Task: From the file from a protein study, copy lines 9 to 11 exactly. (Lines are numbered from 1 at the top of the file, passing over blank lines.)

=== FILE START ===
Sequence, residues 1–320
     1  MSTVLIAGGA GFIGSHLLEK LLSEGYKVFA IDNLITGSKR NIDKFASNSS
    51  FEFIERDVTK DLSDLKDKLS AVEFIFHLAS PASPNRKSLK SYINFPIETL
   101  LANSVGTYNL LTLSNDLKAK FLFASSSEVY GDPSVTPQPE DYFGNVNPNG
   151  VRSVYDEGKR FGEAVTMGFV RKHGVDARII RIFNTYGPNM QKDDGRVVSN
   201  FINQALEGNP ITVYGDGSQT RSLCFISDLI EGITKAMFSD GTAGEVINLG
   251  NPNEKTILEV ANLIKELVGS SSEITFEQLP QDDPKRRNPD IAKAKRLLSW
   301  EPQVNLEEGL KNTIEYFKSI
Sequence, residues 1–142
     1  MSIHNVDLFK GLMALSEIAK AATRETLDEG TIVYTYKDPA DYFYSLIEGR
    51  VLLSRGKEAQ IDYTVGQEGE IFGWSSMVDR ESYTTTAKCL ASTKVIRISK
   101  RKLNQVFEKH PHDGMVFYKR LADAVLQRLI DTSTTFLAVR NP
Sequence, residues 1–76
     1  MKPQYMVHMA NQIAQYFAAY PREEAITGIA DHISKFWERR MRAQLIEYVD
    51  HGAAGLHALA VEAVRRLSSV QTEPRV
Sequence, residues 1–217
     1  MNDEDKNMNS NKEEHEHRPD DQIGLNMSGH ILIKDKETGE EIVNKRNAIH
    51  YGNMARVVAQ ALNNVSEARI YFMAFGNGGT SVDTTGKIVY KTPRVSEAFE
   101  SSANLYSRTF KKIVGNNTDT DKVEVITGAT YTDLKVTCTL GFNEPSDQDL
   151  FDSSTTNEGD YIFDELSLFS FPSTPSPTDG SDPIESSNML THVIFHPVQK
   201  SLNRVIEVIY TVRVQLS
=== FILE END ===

Sequence, residues 1–142
     1  MSIHNVDLFK GLMALSEIAK AATRETLDEG TIVYTYKDPA DYFYSLIEGR
    51  VLLSRGKEAQ IDYTVGQEGE IFGWSSMVDR ESYTTTAKCL ASTKVIRISK